The Orphan Collector - Ellen Marie Wiseman

The Orphan Collector

By Ellen Marie Wiseman

  • Release Date: 2020-08-04
  • Genre: Fiction & Literature
Score: 4.5
4.5
From 144 Ratings

Description

Instant New York Times Bestseller

From the internationally bestselling author of 
What She Left Behind comes a gripping and powerful tale of upheaval—a heartbreaking saga of resilience and hope perfect for fans of Beatriz Williams and Kristin Hannah—set in Philadelphia during the 1918 Spanish Flu outbreak—the deadly pandemic that went on to infect one-third of the world’s population…

“Readers will not be able to help making comparisons to the COVID-19 pandemic, and how little has changed since 1918. Wiseman has written a touching tale of loss, survival, and perseverance with some light fantastical elements. Highly recommended.” 
Booklist


“An immersive historical tale with chilling twists and turns. Beautifully told and richly imagined.”
—Stephanie Dray,
New York Times bestselling author of America’s First Daughter

In the fall of 1918, thirteen-year-old German immigrant Pia Lange longs to be far from Philadelphia’s overcrowded slums and the anti-immigrant sentiment that compelled her father to enlist in the U.S. Army. But as her city celebrates the end of war, an even more urgent threat arrives: the Spanish flu. Funeral crepe and quarantine signs appear on doors as victims drop dead in the streets and desperate survivors wear white masks to ward off illness. When food runs out in the cramped tenement she calls home, Pia must venture alone into the quarantined city in search of supplies, leaving her baby brothers behind.
 
Bernice Groves has become lost in grief and bitterness since her baby died from the Spanish flu. Watching Pia leave her brothers alone, Bernice makes a shocking, life-altering decision. It becomes her sinister mission to tear families apart when they’re at their most vulnerable, planning to transform the city’s orphans and immigrant children into what she feels are “true Americans.”
 
Waking in a makeshift hospital days after collapsing in the street, Pia is frantic to return home. Instead, she is taken to St. Vincent’s Orphan Asylum – the first step in a long and arduous journey. As Bernice plots to keep the truth hidden at any cost in the months and years that follow, Pia must confront her own shame and fear, risking everything to see justice – and love – triumph at last. Powerful, harrowing, and ultimately exultant, The Orphan Collector is a story of love, resilience, and the lengths we will go to protect those who need us most.

“Wiseman’s writing is superb, and her descriptions of life during the Spanish Flu epidemic are chilling. Well-researched and impossible to put down, this is an emotional tug-of-war played out brilliantly on the pages and in readers’ hearts.”
The Historical Novels Review, EDITOR’S CHOICE
 
“Wiseman’s depiction of the horrifying spread of the Spanish flu is eerily reminiscent of the present day and resonates with realistic depictions of suffering, particularly among the poorer immigrant population.”
Publishers Weekly (Boxed Review)
 
“Reading the novel in the time of COVID-19 adds an even greater resonance, and horror, to the description of the fatal spread of that 1918 flu.”
Kirkus Review
 
“An emotional roller coaster…I felt Pia’s strength, courage, guilt, and grief come through the pages clear as day.”
The Seattle Book Review
 

Reviews

  • Beautifully written historical fiction

    5
    By Lori D. H.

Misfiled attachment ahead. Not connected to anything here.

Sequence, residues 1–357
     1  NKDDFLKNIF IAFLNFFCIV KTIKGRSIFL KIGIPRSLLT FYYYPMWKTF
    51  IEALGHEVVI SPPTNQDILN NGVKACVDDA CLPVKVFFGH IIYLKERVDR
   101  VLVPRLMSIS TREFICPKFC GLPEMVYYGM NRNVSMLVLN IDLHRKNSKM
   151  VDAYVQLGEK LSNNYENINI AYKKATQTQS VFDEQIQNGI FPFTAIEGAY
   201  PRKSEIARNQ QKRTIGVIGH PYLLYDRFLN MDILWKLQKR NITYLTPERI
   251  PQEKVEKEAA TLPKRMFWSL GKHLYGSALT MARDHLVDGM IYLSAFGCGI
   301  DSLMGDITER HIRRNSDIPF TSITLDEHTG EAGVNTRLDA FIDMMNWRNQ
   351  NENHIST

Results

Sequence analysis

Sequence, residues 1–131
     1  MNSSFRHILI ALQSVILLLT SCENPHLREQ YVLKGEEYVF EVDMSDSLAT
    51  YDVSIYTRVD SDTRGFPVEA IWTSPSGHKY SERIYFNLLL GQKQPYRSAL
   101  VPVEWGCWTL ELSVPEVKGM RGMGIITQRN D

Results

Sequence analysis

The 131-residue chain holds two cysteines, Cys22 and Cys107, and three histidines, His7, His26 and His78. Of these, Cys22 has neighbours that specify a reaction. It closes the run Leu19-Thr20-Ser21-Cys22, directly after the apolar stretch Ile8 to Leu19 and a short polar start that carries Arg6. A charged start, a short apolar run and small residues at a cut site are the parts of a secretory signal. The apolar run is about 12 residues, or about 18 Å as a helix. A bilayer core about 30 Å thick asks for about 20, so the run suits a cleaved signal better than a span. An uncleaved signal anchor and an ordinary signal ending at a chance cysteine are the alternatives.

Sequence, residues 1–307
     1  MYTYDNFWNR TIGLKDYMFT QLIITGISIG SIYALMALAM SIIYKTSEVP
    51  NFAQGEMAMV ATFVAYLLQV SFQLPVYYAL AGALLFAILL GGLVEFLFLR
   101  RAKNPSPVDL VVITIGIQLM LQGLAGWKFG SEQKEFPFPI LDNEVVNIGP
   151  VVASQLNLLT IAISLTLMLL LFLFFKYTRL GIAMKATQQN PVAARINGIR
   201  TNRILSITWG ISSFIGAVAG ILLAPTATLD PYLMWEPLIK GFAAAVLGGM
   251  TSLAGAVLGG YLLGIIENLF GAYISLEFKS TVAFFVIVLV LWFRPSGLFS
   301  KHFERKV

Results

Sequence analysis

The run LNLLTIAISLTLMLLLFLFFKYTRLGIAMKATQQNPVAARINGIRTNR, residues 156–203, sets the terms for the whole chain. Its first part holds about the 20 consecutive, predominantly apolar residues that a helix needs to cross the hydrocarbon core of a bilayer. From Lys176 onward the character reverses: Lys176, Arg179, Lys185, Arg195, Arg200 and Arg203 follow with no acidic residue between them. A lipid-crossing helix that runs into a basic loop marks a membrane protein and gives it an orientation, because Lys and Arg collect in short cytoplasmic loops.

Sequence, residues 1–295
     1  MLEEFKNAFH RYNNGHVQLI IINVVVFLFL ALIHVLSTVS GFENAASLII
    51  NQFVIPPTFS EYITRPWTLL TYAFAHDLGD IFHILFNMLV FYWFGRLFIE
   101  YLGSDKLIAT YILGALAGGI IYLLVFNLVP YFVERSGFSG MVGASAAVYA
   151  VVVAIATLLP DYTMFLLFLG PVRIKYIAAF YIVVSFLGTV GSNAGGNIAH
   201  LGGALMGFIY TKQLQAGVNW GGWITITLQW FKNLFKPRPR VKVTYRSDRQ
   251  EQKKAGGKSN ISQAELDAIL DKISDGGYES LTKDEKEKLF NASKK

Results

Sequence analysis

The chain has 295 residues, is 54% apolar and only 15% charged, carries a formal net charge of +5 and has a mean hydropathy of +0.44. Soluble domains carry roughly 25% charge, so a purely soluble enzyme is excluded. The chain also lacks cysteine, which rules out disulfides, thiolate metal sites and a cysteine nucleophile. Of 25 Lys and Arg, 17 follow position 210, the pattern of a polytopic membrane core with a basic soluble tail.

Content Rating: 18+ Genre: Historical Fiction Published: July 28, 2020, by Kensington Books Yes, we are in the grips of a present-day pandemic. That is why I think more than ever; we need a book like this to help remember our past. Knowledge of our history reminds us, our present and future are not immune to the past happening again. The Orphan Collector is the perfect title for this book, and believe it or not; it’s what drew me in to find out more about this book. When I found out The Orphan Collector was about the 1918 Spanish flu, I knew I had to read it. This time period holds an extraordinary place in my heart. In 1918 my grandfather was ten years old. His parents came over from Italy and settled in South Philadelphia. My grandfather survived the 1918 pandemic, or else I would not be writing this review. I must give high praise to Ms. Wiseman for her diligence and thorough research on this time period. I know firsthand from my grandfather’s stories that many of the things she describes in her book are correct. My grandfather told me that the doctor told his parents to give all the children one whiskey shot three times a day. He laughed and confessed that he was drunk for almost two weeks. On the sadder side, his younger sister did not survive. My grandfather described how his parents had to take her body out when the death cart came around. Till the day he died, at eighty-seven, he never knew where his sister was buried. Ms. Wiseman tells the story of the 1918 pandemic with great care and empathy. She helps the reader learn about this forgotten period and helps the reader connect with what it must have been like to live through it. Most importantly, she helps us understand what it was like to be a poor immigrant in 1918, Philadelphia. “The deadly virus stole unnoticed through the crowded cobblestone streets of Philadelphia on a sunny September day, unseen and unheard amidst the jubilant chaos of the Liberty Loan parade and the patriotic marches of John Phillips Sousa.” The Orphan Collector follows the life of a thirteen-year-old German immigrant, Pia Lang, during the pandemic. In 1918 when the flu strikes, Pia’s father is still overseas even as the war is coming to an end. Pia, her mother, and her twin baby brothers are now trying to survive. There is something special about Pia, but you will have to read the book to find out. Pia’s story is about love, the resilient human spirit, and the courage it takes to survive in the face of seemingly insurmountable hardship. However, The Orphan Collector gives us the evil side of what a pandemic like this can do to some people. Bernice Groves has lost her husband to the war and her infant son to the flu. Bernice blames immigrants for what has happened to her family, and she feels that they are not true Americans. Bernice is a woman filled with hate and makes it her mission to separate children from their parents. By doing so, she thinks she can help these children become true Americans. Ms. Wiseman shows the contrast between good vs. evil with each of these women’s stories. Both characters are well developed, and Wiseman’s exceptional writing has you loving one and loathing the other. Both of these characters will not soon be forgotten. Ms. Wiseman’s writing is brilliant and a joy to read. The imagery of the pictures she paints with her words puts you on those gritty streets of 1918, Philadelphia. She craftily weaves Pia’s story, Bernice’s story, and the horrific effect the pandemic has on Philadelphia seamlessly together in a novel that I couldn’t put down. The Orphan Collector is one of those books that will have you thinking about it long after finishing the last word. You will want to talk about it. So, you will tell all your friends to read it so you can talk about it. There are some similarities to the 2020 pandemic, but 1918 was a very different time and a very different pandemic. Ms. Wiseman has written an exceptional piece of historical fiction that you will not want to miss. I highly recommend this book, and I want to give it more than five stars. * Please note the quote in my review is subject to change once the book is published. * ** I kindly received this galley by way of NetGalley, Kensington Books, and Ellen Marie Wiseman. I was not contacted, asked, or required to leave a review. I received no compensation, financial or otherwise. I have voluntarily read this book, and this review is my honest opinion. **